WRITTEN BY Annaliese Spielman
Next term, the first African American woman in history will take her place on the Supreme Court of the United States. Despite the fiasco of a senate hearing based on elected officials’ desperation for media attention, on April 7th, 2022 Judge Kentaji Brown Jackson was confirmed in a bipartisan vote.
As a former Supreme Court clerk, public defender, district judge, court of appeals judge, and member of the sentencing commission, Judge Jackson is a highly qualified individual nominated for the Supreme Court.
Judge Jackson graduated magna cum laude from Harvard University in 1992. Four years later she graduated cum laude from the ivy league university’s law school. During her time as a law student, Judge Jackson served as an editor for the Harvard Law Review, a highly esteemed publication.
In serving as a Supreme Court clerk for Justice Bryer, Judge Jackson has followed the typical pattern of a majority of current justices. However, the distinction ends there. When Judge Jackson joins the bench next term, she will be the first Supreme Court justice with a background as a public defender.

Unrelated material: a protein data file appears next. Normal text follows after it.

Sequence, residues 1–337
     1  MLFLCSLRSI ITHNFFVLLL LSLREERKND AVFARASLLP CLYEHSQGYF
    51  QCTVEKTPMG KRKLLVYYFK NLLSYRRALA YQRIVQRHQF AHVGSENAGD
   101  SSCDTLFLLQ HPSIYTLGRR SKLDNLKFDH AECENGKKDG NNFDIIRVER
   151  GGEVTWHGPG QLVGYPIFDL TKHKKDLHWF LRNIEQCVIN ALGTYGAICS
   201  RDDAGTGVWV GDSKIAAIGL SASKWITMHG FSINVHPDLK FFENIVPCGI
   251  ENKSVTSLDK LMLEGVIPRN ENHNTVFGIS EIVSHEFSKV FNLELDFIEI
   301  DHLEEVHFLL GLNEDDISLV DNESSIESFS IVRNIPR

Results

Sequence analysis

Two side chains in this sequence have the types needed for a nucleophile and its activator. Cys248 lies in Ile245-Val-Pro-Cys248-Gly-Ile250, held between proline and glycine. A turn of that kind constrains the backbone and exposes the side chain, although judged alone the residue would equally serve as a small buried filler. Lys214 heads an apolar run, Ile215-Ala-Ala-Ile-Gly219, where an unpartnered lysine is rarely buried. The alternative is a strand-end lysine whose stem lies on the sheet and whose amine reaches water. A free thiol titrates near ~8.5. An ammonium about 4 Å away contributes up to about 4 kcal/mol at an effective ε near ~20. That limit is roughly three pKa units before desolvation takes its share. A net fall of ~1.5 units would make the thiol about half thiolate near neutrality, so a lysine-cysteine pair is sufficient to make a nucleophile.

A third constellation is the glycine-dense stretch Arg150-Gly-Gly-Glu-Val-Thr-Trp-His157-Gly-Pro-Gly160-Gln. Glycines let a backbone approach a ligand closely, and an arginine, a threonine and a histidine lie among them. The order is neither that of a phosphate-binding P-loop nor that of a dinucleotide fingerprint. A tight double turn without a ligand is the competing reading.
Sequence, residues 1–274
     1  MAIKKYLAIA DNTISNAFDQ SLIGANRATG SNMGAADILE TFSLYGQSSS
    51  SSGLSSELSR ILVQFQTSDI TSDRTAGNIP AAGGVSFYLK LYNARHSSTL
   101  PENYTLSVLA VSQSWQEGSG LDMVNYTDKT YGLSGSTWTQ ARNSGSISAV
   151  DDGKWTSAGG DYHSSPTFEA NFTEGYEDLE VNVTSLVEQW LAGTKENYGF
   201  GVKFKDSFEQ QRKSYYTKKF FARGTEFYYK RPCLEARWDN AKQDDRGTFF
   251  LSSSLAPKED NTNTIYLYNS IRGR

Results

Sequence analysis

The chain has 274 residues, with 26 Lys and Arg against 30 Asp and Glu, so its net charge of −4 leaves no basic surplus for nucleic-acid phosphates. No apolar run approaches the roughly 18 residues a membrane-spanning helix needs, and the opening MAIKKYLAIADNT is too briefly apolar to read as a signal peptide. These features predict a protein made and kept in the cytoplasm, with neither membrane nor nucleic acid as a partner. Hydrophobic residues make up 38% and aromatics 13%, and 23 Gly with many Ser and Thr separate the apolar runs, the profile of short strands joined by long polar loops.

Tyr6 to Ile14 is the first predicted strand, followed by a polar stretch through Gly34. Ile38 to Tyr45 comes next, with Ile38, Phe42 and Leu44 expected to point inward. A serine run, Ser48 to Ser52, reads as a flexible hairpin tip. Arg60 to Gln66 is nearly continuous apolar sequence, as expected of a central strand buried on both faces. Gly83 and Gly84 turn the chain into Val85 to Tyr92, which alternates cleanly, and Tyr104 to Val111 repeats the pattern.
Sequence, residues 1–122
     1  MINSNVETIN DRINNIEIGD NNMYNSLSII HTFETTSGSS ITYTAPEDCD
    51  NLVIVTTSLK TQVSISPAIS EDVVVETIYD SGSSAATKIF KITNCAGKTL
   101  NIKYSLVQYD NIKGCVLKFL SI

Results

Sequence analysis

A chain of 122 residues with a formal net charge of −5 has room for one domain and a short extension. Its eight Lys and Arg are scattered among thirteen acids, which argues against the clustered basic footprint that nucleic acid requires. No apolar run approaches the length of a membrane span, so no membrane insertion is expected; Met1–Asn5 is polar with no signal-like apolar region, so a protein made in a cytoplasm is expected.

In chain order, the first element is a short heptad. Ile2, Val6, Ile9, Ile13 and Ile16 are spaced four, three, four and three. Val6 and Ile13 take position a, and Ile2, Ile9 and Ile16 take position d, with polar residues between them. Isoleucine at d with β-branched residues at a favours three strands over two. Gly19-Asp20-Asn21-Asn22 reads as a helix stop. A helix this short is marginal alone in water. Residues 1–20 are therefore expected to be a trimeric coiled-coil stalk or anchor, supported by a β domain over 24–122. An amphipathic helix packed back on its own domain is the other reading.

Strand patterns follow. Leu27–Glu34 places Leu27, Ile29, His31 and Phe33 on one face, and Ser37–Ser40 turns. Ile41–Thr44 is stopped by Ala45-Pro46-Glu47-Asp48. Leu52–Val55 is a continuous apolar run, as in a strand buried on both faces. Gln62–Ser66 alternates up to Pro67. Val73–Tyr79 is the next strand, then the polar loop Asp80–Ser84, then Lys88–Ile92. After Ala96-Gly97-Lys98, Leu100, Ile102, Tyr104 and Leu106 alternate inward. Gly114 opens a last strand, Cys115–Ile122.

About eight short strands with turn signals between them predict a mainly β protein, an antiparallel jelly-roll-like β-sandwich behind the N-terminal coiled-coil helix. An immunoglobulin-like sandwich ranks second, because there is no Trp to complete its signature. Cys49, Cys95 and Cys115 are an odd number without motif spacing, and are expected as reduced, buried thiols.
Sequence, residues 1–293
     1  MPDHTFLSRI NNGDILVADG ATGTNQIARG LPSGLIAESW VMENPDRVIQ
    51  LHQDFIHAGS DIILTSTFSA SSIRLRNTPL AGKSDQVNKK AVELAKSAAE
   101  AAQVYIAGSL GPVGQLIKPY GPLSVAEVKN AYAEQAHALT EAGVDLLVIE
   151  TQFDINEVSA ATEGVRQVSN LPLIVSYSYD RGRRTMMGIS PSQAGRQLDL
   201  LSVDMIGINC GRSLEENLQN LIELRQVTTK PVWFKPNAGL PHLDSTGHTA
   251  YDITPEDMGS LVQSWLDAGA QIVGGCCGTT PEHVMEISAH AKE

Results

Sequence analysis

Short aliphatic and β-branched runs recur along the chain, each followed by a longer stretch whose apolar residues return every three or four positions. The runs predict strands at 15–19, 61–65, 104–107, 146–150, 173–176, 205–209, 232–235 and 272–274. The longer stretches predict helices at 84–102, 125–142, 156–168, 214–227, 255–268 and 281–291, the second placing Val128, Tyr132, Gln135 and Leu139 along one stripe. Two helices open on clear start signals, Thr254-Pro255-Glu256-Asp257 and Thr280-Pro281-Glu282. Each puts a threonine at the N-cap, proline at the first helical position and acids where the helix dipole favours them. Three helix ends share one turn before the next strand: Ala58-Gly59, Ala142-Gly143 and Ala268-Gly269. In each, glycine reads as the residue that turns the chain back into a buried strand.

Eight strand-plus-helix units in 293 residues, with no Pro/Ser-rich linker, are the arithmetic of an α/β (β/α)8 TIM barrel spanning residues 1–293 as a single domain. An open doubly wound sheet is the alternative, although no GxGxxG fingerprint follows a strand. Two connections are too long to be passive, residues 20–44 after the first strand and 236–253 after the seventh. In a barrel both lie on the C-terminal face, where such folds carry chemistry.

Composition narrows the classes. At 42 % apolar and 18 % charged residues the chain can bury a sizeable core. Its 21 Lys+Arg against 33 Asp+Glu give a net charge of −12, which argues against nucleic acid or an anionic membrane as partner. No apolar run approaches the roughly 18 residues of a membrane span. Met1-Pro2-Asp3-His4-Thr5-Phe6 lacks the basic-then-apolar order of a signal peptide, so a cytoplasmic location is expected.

The job of public defenders is to represent defendants who can not afford representation by themselves. These jobs are not glamorous, but they are essential to the framework of the American justice system and provide a different perspective the Supreme Court should always be searching for.
Along with Justice Sotomayor, Judge Jackson has served as a judge on both Court of Appeals and District Court levels. According to University of Texas School of Law professor Steve Vladeck, Judge Jackson has more cumulative experience as a judge than four of the current justices combined.
Nominated for the D.C. District Court in 2012, she was confirmed with bipartisan support the following year. In 2021, Judge Jackson was one of President Biden’s first nominees; she was confirmed by a bipartisan vote in the senate.
Justice Bryer, who Judge Jackson is set to replace, is the only current justice with experience on the sentencing commission. Judge Jackson served as Vice Chair of the United States Sentencing Commission in 2009 under President Obama.
Judge Jackson’s resume is beyond well-rounded and shows experience in numerous fields regarding the legal profession and judicial process. Her level of experience goes without question, therefore any complaints to be made regarding Judge Jackson’s confirmation are likely regarding her legal perspective and interpretations.
Hopefully, her perspective as an black woman and education in different legal institutions will bring fresh ideas to the Court and help its policies better reflect the views of the American people in a branch of government historically controlled by white men.